Psychopath. Psychopath. Psychopath.
You’re sitting in a small room with paint peeling out from the walls. The only thing talking back to your physic talks is your echo. You look around for water and get up to fetch some, only to realize there is nothing around.
They call you a psychopath. Your shirt is always torn and the pants you wear are too baggy for you. There are dark circles underneath your eyes and your once blue eyes look almost colourless now. Your teeth are yellow and rotten for you only dine in on squirrels and dead rats. Your nails are long and dirty. They hate you.
It was a December morning when it happened. You had gotten into a fight with your wife, Petunia again. All she had asked you was for some money and you had hit her again and again and again. You had chained her up and left her, bleeding and begging for her life up on the attic only to find that she had died, two days later taking along your unborn child with her.
There is a slight push on the door and there at your feet lies food: uncooked fish and stale bread. You push it away with your right foot. Ungrateful, a frail voice whispers from inside you, like it has been all these years. You deserve it.
There is darkness all around you and the only light you’ve been able to see in these five years is the little bulb that lights up your room, dim yellow. Your stomach growls in hunger and your throat aches with thirst but there’s no water around. The only normal food you’ve got is the stale bread and uncooked fish from earlier. You look around for your bag, your only belonging. It has the dead squirrels, the only food you eat nowadays. Someone knocks on the door lightly but without waiting for your answer, comes in. It is the same maid who has been serving you for the past five years. She hasn’t changed a bit. The brown in her eyes and the freckles on her face are still the very same like they were all those years ago. She smiles shyly, the same way she has been doing everyday, for all these years. She has brought a water bottle for you. And that is when you remember that you’re thirsty. Sighing, you gesture for her to come forward and give the bottle to you. She quickly moves forward, hands over the bottle to you and leaves. Your God always creates a way out of little troubles for you. He doesn’t hate you. Not yet.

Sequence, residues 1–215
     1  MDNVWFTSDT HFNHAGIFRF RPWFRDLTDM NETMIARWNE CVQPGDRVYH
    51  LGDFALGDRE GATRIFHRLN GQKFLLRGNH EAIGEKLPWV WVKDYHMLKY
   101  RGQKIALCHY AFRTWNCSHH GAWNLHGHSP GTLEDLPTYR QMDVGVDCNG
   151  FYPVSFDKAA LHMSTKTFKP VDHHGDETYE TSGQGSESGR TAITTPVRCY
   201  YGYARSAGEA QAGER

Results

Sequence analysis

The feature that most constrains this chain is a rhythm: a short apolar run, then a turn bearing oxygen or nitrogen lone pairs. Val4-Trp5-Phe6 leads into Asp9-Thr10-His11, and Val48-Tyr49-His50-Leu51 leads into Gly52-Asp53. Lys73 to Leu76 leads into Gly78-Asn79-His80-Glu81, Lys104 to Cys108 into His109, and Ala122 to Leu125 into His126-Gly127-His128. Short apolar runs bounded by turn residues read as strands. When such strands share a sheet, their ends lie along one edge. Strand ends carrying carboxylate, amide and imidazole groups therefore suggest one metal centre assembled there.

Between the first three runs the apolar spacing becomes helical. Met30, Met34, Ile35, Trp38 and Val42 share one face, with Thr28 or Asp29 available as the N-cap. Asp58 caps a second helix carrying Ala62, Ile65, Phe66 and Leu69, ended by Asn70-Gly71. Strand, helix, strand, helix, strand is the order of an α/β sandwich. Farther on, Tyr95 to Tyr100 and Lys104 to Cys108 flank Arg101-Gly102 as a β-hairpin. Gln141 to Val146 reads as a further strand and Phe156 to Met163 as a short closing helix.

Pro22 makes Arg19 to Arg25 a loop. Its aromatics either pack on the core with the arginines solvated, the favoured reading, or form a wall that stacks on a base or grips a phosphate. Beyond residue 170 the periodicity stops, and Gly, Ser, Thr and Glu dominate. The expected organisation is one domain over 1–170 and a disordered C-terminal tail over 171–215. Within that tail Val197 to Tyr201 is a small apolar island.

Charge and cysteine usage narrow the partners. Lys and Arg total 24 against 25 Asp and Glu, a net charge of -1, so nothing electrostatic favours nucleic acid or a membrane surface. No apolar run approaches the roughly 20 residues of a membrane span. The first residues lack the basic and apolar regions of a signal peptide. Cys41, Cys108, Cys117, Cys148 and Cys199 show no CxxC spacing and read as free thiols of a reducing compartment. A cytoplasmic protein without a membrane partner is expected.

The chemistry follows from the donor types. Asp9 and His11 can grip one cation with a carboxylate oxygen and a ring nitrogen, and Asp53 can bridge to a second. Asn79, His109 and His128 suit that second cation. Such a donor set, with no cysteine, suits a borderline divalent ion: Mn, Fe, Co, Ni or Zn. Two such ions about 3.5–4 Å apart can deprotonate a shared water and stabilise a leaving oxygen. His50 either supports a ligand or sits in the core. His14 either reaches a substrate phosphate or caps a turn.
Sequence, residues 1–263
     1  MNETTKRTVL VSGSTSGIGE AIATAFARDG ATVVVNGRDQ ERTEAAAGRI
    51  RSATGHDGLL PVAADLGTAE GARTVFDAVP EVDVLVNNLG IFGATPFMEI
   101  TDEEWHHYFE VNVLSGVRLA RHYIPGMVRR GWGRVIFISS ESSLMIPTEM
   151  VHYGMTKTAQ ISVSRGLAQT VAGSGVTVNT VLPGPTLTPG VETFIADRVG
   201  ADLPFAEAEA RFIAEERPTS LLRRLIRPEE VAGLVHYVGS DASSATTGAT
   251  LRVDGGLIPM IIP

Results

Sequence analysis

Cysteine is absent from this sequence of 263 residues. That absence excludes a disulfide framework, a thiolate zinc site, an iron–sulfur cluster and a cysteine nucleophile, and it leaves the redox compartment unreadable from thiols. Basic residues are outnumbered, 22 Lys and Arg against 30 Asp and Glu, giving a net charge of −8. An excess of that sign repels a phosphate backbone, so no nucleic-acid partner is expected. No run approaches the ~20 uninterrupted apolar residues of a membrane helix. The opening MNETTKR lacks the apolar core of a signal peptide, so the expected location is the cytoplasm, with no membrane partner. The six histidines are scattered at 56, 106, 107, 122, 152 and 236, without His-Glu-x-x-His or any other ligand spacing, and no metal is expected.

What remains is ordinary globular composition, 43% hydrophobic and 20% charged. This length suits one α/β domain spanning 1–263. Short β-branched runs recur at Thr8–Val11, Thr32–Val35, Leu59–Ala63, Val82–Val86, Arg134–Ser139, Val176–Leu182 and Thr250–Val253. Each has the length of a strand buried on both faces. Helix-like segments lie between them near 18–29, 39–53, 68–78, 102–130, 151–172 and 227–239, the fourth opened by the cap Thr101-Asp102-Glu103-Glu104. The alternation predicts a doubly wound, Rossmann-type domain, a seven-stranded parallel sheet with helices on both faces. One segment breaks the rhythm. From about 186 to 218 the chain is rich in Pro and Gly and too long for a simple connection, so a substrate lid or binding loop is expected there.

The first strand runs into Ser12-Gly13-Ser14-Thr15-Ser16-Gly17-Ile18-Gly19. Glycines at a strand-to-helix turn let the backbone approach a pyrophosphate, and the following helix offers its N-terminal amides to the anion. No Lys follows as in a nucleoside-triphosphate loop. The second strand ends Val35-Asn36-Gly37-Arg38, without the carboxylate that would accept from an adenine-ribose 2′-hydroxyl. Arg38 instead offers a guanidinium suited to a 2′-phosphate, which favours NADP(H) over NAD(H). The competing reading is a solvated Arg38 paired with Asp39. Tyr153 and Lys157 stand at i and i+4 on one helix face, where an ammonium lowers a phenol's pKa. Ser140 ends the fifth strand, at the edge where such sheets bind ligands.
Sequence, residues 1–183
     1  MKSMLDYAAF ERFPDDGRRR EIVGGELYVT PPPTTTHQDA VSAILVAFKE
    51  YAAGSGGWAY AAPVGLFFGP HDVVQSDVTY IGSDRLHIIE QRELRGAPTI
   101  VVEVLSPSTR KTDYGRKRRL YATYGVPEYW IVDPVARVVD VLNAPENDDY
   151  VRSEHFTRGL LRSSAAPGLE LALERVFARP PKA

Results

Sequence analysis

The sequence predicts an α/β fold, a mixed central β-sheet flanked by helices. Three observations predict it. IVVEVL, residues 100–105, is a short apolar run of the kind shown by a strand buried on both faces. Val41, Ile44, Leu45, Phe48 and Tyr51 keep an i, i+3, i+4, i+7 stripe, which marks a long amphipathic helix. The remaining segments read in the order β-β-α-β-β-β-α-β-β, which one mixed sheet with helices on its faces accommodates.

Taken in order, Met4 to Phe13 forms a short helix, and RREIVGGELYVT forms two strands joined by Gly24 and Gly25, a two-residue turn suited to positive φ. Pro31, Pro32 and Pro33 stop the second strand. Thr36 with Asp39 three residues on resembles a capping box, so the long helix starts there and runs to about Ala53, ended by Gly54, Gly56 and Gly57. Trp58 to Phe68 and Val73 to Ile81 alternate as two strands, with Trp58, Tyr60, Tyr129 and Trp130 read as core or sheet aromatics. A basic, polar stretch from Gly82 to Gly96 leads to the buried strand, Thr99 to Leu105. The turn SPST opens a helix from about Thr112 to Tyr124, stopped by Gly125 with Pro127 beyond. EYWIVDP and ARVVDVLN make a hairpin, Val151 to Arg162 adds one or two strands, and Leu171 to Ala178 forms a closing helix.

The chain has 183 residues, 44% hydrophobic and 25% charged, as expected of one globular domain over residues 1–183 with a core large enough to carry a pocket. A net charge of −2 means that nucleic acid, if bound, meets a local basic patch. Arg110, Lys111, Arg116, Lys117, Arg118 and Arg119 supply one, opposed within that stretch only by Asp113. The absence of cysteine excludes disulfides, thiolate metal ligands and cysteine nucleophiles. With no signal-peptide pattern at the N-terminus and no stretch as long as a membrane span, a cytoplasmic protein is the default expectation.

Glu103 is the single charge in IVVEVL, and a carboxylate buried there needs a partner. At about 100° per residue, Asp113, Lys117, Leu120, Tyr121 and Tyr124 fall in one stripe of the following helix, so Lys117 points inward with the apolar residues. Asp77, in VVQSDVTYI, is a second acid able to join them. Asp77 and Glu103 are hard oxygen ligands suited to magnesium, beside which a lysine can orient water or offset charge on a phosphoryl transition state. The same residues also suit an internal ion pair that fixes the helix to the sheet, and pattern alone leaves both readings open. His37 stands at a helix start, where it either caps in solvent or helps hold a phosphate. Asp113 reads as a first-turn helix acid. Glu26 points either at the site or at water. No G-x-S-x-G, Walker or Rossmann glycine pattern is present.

You often wonder why hasn’t your God forgiven you for the crime you committed five years ago? Why have you been kept captive for all these years when there are so many criminals roaming around freely with nobody to look out for them. Suddenly, there is a spark in your room and the bulb that had been the only source of light in your room, finally goes off. Darkness engulfs you once again and all you’re left with is an empty room, staring right back at you.
Petunia was beautiful and smart, lively and happy. She was everything you wished for in your partner. Where did the things go wrong? You can’t remember now. The only things that you remember are that you had lost interest in her, the once jolly Petunia who used to appeal you had become a mere responsibility to you. A responsibility that felt more like a burden back then. If and only if you had treated her right, the circumstances would’ve been different now.